Music Features

How New Phoenix Band Goldwax Revival Is Bringing Fresh Energy to Vintage Soul

Goldwax Revival has been promoting its debut with a series of photos.
Goldwax Revival has been promoting its debut with a series of photos. Goldwax Revival

In the annals of music history, certain record labels are revered by generations of fans. Stax. Motown. Blue Note.

Goldwax Records may not have the same reputation, but Phoenix bassist Pete Gonzales is on a mission to change that.

He's the founder of Goldwax Revival, a new 12-piece band that's having its debut show on Friday, March 4, at Crescent Ballroom.

As he tells it, Gonzales, a member of Jim Bachmann and the Day Drinkers, was poking around looking for vintage soul music to understand how songs from that era influenced modern artists.

"And I found this little pocket of music that was cool, and I started compiling a playlist of all these old soul songs," he says.

Goldwax Records was a short-lived label out of Memphis, Tennessee. Quinton Claunch and Rudolph "Doc" Russell founded it in 1963. Before it shut down in 1970, the label produced singles by underappreciated soul singers like James Carr ("Love Attack," "Pouring Water on a Drowning Man," "Dark End of the Street"), Spencer Wiggins ("Lonely Man," "Power of a Woman"), and The Ovations ("I'm Living Good," "Recipe for Love").

Gonzales wanted to try to put together a group to play the music of Goldwax.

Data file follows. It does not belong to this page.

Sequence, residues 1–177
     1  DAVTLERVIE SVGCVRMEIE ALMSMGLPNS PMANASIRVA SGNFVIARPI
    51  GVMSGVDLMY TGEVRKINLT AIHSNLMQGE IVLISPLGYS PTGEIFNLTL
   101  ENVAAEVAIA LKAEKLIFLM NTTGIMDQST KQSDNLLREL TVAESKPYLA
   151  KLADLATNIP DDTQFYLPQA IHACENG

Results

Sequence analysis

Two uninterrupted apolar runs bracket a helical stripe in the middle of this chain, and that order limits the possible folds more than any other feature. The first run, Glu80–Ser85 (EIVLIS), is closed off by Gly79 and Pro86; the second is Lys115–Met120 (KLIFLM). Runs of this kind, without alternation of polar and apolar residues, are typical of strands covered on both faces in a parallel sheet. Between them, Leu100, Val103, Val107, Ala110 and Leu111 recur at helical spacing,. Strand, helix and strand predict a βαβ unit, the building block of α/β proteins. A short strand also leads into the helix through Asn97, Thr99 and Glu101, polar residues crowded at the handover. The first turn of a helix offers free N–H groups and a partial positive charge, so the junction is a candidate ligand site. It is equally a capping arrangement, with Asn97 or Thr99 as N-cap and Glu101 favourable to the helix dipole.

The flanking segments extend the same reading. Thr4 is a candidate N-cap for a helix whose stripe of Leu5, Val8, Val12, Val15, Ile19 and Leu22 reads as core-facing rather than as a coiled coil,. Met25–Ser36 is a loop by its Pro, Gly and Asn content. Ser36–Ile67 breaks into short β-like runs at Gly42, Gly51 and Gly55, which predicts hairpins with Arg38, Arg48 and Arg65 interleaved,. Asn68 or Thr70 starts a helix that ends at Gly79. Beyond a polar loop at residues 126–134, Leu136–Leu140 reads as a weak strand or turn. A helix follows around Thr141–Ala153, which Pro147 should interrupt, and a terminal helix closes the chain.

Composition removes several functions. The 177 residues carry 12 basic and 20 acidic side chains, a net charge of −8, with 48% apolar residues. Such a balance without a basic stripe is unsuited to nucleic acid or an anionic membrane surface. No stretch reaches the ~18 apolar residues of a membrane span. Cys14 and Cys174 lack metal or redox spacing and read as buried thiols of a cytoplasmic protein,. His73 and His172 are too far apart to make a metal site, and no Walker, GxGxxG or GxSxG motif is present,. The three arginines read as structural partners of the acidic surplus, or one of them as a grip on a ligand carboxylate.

"I tried to plant the seed here and there and try to get different people to play with me, but I knew it was going to be a huge band. It had to have a full horn section and all that," he says.

That was seven years ago.

Last year, he was able to put things in motion when was able to get local guitarist Ryan Probst interested in the project.

"I turned him on [to the idea], and once you turn that dude on, a bunch of shit happens," Gonzales says. "Not long after, we had a six-piece band, and then an eight-piece band, and now we’re up to 12."

Yes, 12. Goldwax Revival is composed of: lead singer BalJit Soul; the Liquid Gold Singers, Ryleigh Jensen, Lianna Kissinger Virizlay, and Jessica Magee; and the Gold Pack Players, David Cosme (trumpet), Tyler Flowers (saxophone), Frank Gonzales (drums), Pete Gonzales (bass), Ryan Probst (guitar), J.P. Montalvo, (guitar), Lonze Reynolds Jr. (saxophone), and Charlie Smith (keyboard).

Though she was raised by musicians, Kissinger Virizlay hadn't heard of Goldwax Records before she was approached by Probst to join the band.

"I met Ryan out in Tempe one day. He made an open invitation for anyone who could sing, and I kind of raised my hand," she says. "I think the coolest thing about this band is how many different pockets of the music scene the band members come from, and how we all just kind of showed up one day and we kept showing up."

As a saxophonist, Flowers, a veteran musician, music teacher, and band director, is well-versed in the soul sound of the mid-20th century. Even he wasn't familiar with Goldwax.

"All that soul music from the late '50s, '60s, the doo-wop era into the R&B era, it’s quintessentially vocals and horns, and I’m a saxophone player by trade, so it’s one of the genres of music I’ve always listened to and been involved with."

Flowers has known Probst for years, and when he returned to town after moving away for a year, Probst approached him about joining the band.

"Pretty much the second I moved back, he was like, 'Hey, we’re starting this group, do you want to spearhead what we’re doing with the horn section?'" Flowers says.